Toyota Defends $20m Donation to Audubon Society

toyota defends 20m donation to audubon society

We weren't the only ones giving Toyota grief about their $20m contribution to the Audubon Society. The Green Company That Also Sells Gas-Guzzlin' Trucks has gone on the defensive after readers of their Open Road blog castigated the Japanese automaker for the largesse. It seems the National Audubon Society is one of the plaintiffs in a suit against the National Park Service for alleged failure to regulate beach driving at the Cape Hatteras National Seashore in North Carolina. Readers felt Toyota's donation "is being used against people who use their 4-wheel drive vehicles" and "to help fund the closure of the beaches of the Outer Banks of NC." ToMoCo says not so. After all, "we build and sell four-wheel-drive vehicles that have developed an enviable reputation in the four-wheeling community and many of us here are enthusiastic four-wheelers." To that end, their donation "will be used only to fund conservation projects, train environmental leaders and offer volunteer opportunities, not for lobbying or legal efforts." Yes but… a contribution of that size will free Audubon to redirect organizational funds that would have been used for those purposes, increasing their legal and lobbying firepower.

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  • Raskolnikov Raskolnikov on Apr 10, 2008

    @Lumbergh21 Bravo! That deserves a standing o!

  • 50merc 50merc on Apr 10, 2008

    This isn't the half of it. Just think of the tizzy the Audubon Society will be in when they learn about Toyota's non-truck offerings. My Prius, which is equipped with the optional Sam Coleridge Stealth Sportsman package, moves along so quietly it's crashed into six spotted owls, four bald eagles, two Great Auks and a California condor. It's good against armadillos too, but that's PETA's concern.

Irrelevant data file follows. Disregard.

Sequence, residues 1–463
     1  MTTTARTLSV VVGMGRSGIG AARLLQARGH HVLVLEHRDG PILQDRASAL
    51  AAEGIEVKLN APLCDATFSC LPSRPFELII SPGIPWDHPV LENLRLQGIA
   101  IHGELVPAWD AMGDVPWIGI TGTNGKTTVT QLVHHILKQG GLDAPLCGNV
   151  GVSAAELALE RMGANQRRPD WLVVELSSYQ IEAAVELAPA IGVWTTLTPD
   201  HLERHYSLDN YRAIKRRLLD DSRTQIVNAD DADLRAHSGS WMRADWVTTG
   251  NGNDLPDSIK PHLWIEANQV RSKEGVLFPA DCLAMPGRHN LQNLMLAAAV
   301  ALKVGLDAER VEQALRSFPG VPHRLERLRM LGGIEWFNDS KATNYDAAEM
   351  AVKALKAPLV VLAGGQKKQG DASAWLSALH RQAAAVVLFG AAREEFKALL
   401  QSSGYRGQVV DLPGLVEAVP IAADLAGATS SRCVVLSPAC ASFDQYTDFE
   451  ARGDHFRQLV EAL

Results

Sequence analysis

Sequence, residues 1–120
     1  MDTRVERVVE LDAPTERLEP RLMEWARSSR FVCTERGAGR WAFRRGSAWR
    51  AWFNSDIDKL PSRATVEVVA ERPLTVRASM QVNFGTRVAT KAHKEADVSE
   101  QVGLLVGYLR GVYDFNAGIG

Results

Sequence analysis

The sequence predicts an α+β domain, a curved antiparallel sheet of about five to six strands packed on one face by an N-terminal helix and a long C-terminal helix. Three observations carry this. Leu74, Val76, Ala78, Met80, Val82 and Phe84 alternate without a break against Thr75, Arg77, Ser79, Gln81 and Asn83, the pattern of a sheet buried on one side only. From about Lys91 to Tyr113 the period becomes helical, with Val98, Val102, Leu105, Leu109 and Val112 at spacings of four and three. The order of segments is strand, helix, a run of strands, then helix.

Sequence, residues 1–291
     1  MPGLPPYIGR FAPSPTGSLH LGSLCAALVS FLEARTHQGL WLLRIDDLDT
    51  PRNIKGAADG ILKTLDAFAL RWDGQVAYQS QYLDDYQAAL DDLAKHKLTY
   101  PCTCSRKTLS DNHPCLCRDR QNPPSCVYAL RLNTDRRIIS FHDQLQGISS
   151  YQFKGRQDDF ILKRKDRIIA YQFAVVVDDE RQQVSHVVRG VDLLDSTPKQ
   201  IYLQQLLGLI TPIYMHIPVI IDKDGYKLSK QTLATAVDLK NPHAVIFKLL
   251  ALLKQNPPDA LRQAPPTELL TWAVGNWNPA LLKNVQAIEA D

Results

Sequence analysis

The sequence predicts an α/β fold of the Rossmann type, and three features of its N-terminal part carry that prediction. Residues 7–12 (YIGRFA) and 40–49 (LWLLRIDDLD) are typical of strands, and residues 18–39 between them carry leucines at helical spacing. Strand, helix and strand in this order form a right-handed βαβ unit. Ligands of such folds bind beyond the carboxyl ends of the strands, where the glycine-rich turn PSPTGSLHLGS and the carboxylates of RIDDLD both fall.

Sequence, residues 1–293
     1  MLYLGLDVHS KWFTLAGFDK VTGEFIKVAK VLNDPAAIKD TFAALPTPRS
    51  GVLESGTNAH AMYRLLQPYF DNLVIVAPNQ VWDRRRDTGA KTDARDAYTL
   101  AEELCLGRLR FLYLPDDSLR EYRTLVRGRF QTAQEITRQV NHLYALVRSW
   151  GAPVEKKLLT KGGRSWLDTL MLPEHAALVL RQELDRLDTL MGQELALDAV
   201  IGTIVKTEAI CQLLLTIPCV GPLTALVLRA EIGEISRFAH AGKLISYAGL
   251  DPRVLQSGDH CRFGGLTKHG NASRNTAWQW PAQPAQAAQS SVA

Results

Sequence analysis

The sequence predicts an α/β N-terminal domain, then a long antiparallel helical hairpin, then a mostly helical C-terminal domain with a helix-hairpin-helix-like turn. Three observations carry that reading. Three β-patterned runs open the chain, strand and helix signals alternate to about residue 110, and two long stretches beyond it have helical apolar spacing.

• Geezer66 Geezer66 on Apr 11, 2008

    This is a tempest in a teapot. The lawsuit only asks for a no-vehicle zone on 12 miles of critical wildlife habitat. Those are tiny areas compared to the whole Cape Hatteras National Seashore. There's enough to share. An extremist beach vehicle group has gone nuts over the 12 miles, when they should be working for a good compromise.

  • Boogamite Boogamite on May 09, 2008

    It may seem like a "tiny area" unless you're familiar with the place. The CHNS is a narrow barrier island, and much of the drivable area (i.e. the beach) is not passable during high tide. There is enough to share, and the beach vehicle groups (actually fishermen's groups, but vehicular access is the only realistic way for landlubbers to have a chance) were trying to work with the extremist environmental groups on a good compromise. But the no vehicle zones they wanted would basically close off access to the entire park, which many believe was their true intention all along. Mr. Williams sums the Toyota-Audubon situation nicely.

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